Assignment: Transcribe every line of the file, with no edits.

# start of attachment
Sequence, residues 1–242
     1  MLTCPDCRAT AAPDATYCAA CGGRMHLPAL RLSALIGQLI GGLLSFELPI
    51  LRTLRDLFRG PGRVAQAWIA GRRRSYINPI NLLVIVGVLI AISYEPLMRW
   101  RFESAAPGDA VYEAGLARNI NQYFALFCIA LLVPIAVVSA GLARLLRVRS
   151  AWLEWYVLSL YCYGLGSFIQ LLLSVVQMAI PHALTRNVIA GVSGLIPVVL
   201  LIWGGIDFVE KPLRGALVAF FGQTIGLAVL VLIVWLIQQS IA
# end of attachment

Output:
Sequence, residues 1–242
     1  MLTCPDCRAT AAPDATYCAA CGGRMHLPAL RLSALIGQLI GGLLSFELPI
    51  LRTLRDLFRG PGRVAQAWIA GRRRSYINPI NLLVIVGVLI AISYEPLMRW
   101  RFESAAPGDA VYEAGLARNI NQYFALFCIA LLVPIAVVSA GLARLLRVRS
   151  AWLEWYVLSL YCYGLGSFIQ LLLSVVQMAI PHALTRNVIA GVSGLIPVVL
   201  LIWGGIDFVE KPLRGALVAF FGQTIGLAVL VLIVWLIQQS IA